It looks like New York’s new medical program is showing a growing trend of medical marijuana laws that seem compassionate, but don’t let people grow or smoke the flowers of the cannabis plant.
It has been said, “As goes New York, so goes the nation,” a phrase which, in the grand scheme of nationwide efforts to reform marijuana laws, could indicate that cut-rate medicinal cannabis programs are destined to continue surfacing across the country—making a natural medicine too expensive for the average patient to afford.
Since New York officially launched its medical marijuana program six months ago, there has been a lot of concern that the state’s vision for marijuana medicine has made it next to impossible for almost everyone involved to reap any benefit. A recent report from the Drug Policy Alliance (DPA) has found that the majority of those currently enrolled in the program are confronted with too many barriers to even participate.
For starters, the report indicates that the restrictive nature of the Compassionate Care program—one that prohibits home cultivation and smokable marijuana—has made cannabis products so expensive that 77 percent of the patients allowed to purchase weed simply cannot afford to do it. To make matters worse, the DPA goes on to suggest that most patients are doomed long before they ever have a chance to step foot inside of a dispensary because less than one percent of doctors licensed to practice in the state of New York have been certified to provide medical marijuana recommendations for those with “severe, debilitating or life-threatening” conditions.
“More than half of patients and caregivers surveyed had not yet found a doctor to certify them, and among those, 3 out of 5 have been waiting for 3 to 4 months to locate a registered physician,” the report reads.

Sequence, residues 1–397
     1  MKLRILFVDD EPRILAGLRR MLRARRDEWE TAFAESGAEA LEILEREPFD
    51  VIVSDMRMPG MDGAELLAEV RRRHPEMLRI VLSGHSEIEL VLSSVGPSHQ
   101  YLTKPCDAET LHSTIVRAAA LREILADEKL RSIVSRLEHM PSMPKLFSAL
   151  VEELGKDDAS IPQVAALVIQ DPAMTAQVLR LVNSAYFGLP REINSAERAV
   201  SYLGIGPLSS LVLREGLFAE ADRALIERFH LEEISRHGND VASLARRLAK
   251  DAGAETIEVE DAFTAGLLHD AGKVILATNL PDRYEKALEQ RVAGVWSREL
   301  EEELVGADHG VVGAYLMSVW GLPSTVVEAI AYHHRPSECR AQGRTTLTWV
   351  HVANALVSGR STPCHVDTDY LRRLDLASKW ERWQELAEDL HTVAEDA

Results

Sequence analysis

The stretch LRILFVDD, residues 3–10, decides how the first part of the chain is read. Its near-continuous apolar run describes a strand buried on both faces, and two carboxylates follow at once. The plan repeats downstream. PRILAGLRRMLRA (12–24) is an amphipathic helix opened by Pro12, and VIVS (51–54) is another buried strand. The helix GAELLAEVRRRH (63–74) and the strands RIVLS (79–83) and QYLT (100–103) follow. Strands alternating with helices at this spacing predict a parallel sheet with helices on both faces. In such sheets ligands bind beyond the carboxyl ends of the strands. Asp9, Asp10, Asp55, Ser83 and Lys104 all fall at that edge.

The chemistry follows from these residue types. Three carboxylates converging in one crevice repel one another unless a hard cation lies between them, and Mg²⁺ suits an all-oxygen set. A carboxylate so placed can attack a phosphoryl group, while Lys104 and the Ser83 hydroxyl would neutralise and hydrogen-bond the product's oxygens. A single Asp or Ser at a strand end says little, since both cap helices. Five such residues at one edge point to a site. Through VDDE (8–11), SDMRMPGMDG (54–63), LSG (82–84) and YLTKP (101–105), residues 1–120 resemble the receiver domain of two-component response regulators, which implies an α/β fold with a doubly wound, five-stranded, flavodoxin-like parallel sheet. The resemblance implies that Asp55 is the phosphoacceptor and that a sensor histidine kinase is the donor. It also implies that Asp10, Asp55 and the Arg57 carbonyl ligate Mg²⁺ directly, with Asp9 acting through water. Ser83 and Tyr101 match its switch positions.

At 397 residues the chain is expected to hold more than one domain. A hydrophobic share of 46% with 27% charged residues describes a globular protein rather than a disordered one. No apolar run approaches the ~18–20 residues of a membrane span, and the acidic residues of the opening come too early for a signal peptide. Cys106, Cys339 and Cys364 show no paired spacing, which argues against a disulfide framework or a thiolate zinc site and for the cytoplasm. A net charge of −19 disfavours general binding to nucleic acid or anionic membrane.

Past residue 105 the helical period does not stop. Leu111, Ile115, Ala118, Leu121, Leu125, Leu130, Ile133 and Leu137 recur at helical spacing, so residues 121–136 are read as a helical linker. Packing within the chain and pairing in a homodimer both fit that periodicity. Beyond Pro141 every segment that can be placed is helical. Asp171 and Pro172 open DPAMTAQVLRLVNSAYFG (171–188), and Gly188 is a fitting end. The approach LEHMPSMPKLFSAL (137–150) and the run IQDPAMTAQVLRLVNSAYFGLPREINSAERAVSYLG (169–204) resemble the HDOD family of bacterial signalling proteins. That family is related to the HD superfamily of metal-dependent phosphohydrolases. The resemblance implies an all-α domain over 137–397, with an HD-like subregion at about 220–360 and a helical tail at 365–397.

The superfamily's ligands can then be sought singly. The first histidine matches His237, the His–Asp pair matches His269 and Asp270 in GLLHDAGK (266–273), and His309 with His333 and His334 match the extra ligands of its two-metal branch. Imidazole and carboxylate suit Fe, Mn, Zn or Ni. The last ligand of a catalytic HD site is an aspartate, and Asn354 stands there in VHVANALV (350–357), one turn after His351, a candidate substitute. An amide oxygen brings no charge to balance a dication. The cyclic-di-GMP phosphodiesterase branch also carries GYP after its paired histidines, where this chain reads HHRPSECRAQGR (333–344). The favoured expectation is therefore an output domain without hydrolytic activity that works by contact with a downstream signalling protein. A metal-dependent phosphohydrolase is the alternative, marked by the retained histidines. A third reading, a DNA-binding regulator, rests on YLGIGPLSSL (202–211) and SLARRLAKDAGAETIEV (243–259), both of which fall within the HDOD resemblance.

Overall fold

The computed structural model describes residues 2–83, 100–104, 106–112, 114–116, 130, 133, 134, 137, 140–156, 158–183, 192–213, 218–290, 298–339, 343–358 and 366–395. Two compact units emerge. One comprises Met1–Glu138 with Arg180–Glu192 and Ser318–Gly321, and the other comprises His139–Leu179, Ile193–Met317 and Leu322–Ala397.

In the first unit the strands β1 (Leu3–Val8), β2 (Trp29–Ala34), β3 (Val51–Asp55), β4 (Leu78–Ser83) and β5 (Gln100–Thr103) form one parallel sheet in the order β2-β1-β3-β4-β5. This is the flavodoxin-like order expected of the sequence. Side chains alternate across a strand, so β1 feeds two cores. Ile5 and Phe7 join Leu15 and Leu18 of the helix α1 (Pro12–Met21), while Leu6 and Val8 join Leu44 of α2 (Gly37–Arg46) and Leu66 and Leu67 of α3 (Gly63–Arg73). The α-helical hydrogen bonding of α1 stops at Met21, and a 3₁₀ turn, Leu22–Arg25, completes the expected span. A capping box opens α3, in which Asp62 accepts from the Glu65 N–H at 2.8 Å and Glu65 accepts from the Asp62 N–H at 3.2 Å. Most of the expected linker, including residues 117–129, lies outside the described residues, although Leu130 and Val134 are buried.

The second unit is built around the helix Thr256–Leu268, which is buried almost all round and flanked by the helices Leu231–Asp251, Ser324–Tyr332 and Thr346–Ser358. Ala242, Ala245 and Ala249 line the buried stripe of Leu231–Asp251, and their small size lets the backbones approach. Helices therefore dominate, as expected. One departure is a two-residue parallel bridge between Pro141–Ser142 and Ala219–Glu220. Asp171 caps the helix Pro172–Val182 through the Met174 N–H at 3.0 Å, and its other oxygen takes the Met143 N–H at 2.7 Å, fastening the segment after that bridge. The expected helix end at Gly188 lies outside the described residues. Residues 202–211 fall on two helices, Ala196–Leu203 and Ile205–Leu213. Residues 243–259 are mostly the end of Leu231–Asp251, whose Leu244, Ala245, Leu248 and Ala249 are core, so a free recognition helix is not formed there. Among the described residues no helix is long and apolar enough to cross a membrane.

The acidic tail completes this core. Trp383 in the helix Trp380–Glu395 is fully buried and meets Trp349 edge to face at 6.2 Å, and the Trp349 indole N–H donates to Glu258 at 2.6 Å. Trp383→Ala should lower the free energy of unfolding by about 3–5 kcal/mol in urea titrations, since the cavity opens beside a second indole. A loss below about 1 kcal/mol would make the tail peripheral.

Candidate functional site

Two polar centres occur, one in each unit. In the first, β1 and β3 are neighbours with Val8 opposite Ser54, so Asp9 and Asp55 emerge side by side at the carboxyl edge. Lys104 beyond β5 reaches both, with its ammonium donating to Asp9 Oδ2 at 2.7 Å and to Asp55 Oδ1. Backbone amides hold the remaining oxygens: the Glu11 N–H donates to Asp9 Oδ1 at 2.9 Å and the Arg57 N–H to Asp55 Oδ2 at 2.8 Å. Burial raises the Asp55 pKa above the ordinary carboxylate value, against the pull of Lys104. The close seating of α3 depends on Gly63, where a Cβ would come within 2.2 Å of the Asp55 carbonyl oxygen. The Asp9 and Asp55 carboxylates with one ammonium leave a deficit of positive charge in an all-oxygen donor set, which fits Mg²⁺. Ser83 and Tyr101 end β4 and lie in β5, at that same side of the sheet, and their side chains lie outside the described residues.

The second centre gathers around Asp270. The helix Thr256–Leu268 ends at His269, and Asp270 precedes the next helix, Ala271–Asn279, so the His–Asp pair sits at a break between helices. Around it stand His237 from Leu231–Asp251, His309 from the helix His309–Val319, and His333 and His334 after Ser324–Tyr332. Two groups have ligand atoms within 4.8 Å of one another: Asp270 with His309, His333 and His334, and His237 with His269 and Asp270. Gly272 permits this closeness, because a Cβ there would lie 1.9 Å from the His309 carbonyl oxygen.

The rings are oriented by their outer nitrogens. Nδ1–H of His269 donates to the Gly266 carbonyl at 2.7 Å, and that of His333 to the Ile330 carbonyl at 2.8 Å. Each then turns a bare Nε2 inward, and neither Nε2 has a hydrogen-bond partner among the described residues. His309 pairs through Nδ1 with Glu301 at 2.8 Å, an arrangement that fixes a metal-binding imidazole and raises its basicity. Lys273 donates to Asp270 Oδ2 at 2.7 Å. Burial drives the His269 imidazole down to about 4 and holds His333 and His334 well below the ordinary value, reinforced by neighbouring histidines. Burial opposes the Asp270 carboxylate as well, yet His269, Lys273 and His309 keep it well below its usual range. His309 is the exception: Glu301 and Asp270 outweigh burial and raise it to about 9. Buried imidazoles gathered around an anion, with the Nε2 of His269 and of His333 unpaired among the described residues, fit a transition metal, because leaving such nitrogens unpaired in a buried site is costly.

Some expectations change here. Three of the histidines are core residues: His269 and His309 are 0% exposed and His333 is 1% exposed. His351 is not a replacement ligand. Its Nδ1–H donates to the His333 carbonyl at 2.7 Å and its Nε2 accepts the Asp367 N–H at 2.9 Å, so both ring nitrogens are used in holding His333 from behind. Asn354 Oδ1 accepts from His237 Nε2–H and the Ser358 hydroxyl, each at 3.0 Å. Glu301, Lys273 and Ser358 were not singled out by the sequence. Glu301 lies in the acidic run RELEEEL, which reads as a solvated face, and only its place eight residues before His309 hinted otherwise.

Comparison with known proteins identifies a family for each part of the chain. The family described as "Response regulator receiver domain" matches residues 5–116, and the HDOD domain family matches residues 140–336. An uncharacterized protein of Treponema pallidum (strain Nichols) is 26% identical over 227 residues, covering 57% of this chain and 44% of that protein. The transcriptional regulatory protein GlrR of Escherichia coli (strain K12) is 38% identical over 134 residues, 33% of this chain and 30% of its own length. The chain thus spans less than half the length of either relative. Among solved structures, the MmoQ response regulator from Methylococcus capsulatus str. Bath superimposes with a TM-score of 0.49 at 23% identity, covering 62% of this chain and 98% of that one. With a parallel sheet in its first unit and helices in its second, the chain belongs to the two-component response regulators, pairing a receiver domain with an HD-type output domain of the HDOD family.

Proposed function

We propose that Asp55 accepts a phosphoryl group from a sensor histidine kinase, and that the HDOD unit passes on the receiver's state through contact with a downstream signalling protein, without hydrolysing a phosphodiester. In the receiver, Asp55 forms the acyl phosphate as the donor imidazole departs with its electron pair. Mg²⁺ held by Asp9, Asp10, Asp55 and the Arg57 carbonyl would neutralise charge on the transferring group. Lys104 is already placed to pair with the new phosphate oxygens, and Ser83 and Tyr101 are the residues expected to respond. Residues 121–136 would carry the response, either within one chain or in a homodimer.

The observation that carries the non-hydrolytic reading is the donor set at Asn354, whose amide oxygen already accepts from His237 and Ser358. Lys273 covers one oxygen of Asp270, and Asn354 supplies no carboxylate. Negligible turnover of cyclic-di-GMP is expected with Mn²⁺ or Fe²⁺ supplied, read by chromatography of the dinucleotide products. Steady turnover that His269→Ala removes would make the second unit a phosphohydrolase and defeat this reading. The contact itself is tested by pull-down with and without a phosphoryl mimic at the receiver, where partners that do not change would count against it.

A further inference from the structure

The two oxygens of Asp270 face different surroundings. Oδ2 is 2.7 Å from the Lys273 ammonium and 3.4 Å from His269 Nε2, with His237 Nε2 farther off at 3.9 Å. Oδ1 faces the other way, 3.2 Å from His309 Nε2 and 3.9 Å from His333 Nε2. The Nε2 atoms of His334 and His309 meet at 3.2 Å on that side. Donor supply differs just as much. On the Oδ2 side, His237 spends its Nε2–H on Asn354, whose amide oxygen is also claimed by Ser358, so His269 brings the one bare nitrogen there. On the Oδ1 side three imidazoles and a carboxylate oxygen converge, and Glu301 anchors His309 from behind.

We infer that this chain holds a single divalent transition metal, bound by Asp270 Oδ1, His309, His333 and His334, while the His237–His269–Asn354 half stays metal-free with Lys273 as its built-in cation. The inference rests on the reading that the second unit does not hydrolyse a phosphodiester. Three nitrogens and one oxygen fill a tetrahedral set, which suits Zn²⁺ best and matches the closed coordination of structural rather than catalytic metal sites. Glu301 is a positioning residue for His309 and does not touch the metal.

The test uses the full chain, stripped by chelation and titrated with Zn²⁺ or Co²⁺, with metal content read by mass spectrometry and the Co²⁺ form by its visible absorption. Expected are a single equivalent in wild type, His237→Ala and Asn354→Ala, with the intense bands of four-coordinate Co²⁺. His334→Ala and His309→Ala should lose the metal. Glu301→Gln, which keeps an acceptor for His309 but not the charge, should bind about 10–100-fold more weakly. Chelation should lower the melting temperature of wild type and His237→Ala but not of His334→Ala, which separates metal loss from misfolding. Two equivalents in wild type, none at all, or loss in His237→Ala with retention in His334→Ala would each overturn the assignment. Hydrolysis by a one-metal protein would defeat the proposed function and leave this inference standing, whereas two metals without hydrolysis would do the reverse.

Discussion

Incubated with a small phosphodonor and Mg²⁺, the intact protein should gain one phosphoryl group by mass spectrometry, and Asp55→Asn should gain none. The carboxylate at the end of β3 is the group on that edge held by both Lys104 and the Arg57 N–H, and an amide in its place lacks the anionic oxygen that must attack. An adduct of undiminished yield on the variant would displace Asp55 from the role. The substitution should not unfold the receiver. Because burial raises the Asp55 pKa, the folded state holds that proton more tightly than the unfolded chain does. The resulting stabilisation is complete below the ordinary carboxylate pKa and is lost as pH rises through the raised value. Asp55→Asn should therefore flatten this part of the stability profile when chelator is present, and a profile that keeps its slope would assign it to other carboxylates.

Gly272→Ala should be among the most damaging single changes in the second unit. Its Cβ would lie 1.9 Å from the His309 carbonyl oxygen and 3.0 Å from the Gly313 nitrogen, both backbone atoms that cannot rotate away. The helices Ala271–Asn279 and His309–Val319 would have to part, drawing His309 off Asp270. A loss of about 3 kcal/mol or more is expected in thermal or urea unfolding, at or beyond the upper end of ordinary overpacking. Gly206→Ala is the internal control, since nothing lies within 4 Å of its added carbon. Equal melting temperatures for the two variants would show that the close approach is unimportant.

But even if a patient is fortunate enough to find a doctor to provide them with permission to use the program—and the patient has enough money in the bank to begin making monthly pot purchases—obtaining this medicine is not as easy as walking into the local Walgreens to get a prescription filled.
New York’s Compassionate Care law only designates five cannabis producers (a total of 20 dispensaries) to supply the entire state with medical marijuana products. Unfortunately, this means patients living in rural areas are sometimes forced to travel for several hours just to get their hands on the medicine they need. In fact, the DPA found that nearly 30 percent of the state’s registered patients and caregivers drive between one to five hours away from home just to get to a dispensary.
The most frightening element of New York’s program is the influence it has—and will likely continue to have—on other states interested in designing medical marijuana programs of their own.
Just last week, Ohio Governor John Kasich put his signature on a modest medical marijuana bill that seems to borrow elements of the Compassionate Care law in that it does not allow patients to cultivate or smoke marijuana. Instead, much like New York, the program will force qualified patients to spend hundreds, potentially even thousands, of dollars a month to buy vapors, oils and some edibles from an undetermined number of dispensaries.
The same racket has been going down for nearly a year in Minnesota—no smoking, no home grows and a limited number of qualified conditions—that has pressured some desperate patients to pack up and move to more liberal, legal states in order to get medical marijuana without being buried alive by the financial strain that comes with purchasing pharmaceutical derivatives of the cannabis plant. Others have simply continued to purchase weed through the black market.
Even long-time cannabis advocates believe that New York could serve as a blueprint for lawmakers all across the nation when it comes time to develop their state’s medical marijuana programs. Earlier this year, Keith Stroup, founder of the National Organization for the Reform of Marijuana Laws, said that because of New York’s influence on national policy, more states would follow in its footsteps—a statement that solidifies the latest trend of weak medicinal cannabis programs.